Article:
Thursday, April 17, 2014

Up to Our Axles in the Past

How do we know it’s spring in NH? The frost heaves are settling and the potholes begin to bloom before we see the crocuses. A recent letter to the editor bemoaned the condition of East Conway Road and excoriated the governor for failing to respond, and repair. Governor Hassan may make a convenient whipping post for the issue, since she is governor (and a Democrat) but the sorry condition of our state’s infrastructure isn’t something we can blame on Maggie Hassan. It took decades of “NH doesn’t have a revenue problem/NH has a spending problem” for us to reach this point. To put it a bit more sharply, the very politicians the letter writer votes for both caused and perpetuate the condition of East Conway Road.

For decades we’ve failed, as a state to invest in both upkeep and new public construction. Our legislators were so intent on not raising any revenue, that there was none to spare. There is currently a bill calling for a study committee to examine the efficiency of the NH DOT. Apparently the fact that they don’t have enough money to work with, or a sufficient number of employees to do the work is their fault. The DOT has seen a steady 22% decrease in employees since 1992.  It’s not the governor’s fault. It’s the fault of our regressive tax system and our regressive legislature.

Since 1990, US military spending has steadily increased. There was a leveling off during the 1990’s but starting in 2000, the increase in military spending has been steep. We spend three times more on offense than we do on public construction. Roads, bridges, airports, electrical grids, schools, drinking water and waste water systems all fall into the category of public construction. Spending on these types of projects is at it’s lowest since 1995. Meanwhile our infrastructure continues to deteriorate.

The states aren’t spending the money, because (in many cases) since 2008, they’re fighting just to balance budgets. Congress isn’t making up the difference; they are intent on making sure anything with the word public attached to it is an anathema – while also making sure that nothing positive is allowed to happen during the tenure of the black guy in the White House. Here in NH, we have 145 state owned bridges on the red list for structural impairment. That’s 7% of the state owned bridges. There are 353 municipal bridges on the red list, or 21% of the municipally owned bridges.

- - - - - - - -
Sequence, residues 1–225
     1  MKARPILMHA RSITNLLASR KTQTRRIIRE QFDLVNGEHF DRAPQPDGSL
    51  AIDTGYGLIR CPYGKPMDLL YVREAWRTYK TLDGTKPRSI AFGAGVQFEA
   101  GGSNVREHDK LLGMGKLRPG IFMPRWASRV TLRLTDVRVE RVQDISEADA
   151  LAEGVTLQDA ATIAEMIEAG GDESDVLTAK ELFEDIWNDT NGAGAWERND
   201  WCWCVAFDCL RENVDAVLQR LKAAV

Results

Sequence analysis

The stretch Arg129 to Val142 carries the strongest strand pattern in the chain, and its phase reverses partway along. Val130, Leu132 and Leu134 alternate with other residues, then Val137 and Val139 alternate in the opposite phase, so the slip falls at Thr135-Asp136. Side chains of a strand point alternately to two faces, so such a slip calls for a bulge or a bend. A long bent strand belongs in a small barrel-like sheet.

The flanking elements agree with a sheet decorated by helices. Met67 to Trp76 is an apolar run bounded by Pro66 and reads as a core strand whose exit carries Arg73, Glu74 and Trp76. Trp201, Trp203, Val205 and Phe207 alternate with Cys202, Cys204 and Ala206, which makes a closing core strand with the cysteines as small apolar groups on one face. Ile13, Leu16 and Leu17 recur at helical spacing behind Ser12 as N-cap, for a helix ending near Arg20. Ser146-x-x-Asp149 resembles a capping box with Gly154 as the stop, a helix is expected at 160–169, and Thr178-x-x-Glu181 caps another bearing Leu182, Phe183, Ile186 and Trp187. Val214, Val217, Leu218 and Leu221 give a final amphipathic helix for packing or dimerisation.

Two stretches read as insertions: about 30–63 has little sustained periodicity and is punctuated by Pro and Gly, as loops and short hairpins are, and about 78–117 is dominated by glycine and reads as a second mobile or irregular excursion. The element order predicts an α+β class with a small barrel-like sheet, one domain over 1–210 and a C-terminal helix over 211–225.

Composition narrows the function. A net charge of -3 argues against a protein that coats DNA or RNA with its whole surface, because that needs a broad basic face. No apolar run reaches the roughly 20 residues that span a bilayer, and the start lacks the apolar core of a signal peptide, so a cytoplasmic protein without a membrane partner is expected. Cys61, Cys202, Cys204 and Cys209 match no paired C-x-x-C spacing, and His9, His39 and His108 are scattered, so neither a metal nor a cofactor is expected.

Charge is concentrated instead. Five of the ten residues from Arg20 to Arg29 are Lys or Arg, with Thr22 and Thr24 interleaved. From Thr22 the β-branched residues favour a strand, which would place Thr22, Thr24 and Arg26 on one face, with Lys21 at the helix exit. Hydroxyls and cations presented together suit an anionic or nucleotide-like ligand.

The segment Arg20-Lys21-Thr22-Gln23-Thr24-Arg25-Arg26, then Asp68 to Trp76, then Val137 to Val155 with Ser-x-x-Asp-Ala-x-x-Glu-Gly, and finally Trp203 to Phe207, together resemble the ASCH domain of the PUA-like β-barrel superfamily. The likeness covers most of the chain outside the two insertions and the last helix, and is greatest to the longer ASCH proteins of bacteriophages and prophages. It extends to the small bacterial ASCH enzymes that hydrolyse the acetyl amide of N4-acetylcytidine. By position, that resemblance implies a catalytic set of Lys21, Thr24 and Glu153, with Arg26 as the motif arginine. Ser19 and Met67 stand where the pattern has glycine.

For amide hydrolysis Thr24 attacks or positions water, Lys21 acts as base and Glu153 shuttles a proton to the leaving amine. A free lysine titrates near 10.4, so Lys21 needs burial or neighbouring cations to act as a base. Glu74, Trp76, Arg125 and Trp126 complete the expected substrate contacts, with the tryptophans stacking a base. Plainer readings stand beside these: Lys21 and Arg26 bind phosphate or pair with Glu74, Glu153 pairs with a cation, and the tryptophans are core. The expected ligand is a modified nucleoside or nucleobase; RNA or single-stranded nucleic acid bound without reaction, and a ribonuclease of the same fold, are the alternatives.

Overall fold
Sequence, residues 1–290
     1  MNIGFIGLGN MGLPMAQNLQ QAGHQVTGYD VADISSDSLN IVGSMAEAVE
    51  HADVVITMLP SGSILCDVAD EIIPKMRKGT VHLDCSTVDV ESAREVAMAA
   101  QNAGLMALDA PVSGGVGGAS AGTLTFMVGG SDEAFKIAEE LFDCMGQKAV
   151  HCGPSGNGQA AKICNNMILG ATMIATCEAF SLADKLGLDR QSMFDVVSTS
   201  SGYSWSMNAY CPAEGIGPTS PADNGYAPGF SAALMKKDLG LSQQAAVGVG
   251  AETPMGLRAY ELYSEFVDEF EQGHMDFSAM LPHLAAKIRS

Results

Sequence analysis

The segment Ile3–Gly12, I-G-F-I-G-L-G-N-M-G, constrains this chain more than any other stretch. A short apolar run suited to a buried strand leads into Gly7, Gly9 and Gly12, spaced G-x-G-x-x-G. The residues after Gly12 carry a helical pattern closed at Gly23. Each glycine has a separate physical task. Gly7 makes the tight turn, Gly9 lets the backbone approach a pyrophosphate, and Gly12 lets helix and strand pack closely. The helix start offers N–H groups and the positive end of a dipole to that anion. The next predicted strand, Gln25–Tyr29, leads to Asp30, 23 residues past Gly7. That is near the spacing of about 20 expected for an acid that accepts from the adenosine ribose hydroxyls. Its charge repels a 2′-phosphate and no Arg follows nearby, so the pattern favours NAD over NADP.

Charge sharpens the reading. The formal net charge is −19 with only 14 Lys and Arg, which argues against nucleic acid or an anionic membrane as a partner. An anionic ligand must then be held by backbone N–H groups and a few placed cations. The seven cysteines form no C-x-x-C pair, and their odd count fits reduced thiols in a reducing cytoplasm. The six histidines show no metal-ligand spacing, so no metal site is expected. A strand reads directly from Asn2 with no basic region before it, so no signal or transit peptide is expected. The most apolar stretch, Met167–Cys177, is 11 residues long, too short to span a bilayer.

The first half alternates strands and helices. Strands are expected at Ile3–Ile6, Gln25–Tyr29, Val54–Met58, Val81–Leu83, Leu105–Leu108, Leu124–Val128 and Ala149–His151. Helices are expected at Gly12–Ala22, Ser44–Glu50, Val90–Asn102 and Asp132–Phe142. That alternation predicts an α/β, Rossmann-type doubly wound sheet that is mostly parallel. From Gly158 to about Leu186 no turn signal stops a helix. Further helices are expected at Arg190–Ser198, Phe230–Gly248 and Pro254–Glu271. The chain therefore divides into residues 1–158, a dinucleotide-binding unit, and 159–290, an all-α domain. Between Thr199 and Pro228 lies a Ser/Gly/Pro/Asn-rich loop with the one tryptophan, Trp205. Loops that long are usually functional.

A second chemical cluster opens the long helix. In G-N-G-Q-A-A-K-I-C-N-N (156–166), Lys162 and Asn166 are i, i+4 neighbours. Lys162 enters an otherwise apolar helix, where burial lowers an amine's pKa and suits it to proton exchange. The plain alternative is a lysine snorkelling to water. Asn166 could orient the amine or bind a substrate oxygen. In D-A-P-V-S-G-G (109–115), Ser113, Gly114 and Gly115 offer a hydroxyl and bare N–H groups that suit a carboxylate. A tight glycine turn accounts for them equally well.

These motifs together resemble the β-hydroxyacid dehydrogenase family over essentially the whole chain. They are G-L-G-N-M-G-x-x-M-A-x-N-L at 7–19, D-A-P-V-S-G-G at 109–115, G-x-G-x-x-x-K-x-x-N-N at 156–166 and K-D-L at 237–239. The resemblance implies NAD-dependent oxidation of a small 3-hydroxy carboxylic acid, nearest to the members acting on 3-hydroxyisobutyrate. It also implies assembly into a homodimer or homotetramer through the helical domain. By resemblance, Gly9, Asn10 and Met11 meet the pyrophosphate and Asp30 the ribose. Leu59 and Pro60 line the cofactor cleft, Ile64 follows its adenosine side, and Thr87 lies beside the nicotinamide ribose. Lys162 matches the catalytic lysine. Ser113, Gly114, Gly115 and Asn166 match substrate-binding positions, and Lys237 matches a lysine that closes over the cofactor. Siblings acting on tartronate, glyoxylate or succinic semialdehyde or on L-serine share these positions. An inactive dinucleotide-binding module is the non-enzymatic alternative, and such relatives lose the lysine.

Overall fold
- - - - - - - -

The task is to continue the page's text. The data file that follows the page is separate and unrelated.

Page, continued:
A rural bridge collapsed in Iowa last week. It was built in the 1950’s, and a tractor and 2 ammonia tankers fell into a creek. No one was injured, and fortunately the ammonia didn’t leak. Iowa ranks third in the nation for the most structurally deficient bridges. The ranking of New England states: Rhode Island in fourth place, NH in eighth, Maine in ninth, Vermont in 24th place, Connecticut in 27th, and Massachusetts is in 28th place. Texas is ranked 49th in the nation for structurally deficient bridges. This is a 19.6% improvement, which is the most significant improvement by any state. Texas has been making big infrastructure investments. It makes sense to do so. That kind of investment creates both short and long term jobs, and makes the state more attractive to potential investors.

In an effort to avoid making those investments here in NH, House Bill 534 calls for a study commission to consider awarding naming rights for highway bridges, overpasses, and exits. There is much to consider. Is this a purely advertising move? Will those companies be responsible for upkeep? Who will own that bridge, overpass, or exit? Bill sponsor, Rep. J. Tracy Emerick was quoted in the Eagle-Tribune as saying, “Private enterprise could take responsibility for a bridge and keep it up to state code.” Does that mean they buy the bridge? What happens if they fail to keep up their end of whatever deal they make? There are those who believe that private enterprise does everything better, and so the push is on to privatize everything from prisons to schools. The phrase “the public good” has disappeared from our vocabularies.

Privatizing the roads hasn’t worked out so well in Chile. Private companies own the highways. This means paying tolls when you get on the highways and when you get off. The toll schedule for Chilean highways warns, “Don’t be caught without cash.” For the 700-mile trip from Santiago to La Serena, the toll charge is $25. From Santiago to the coast, a journey of $186 miles, the toll charges are $20, adding roughly $2.69 per gallon to the cost of gas.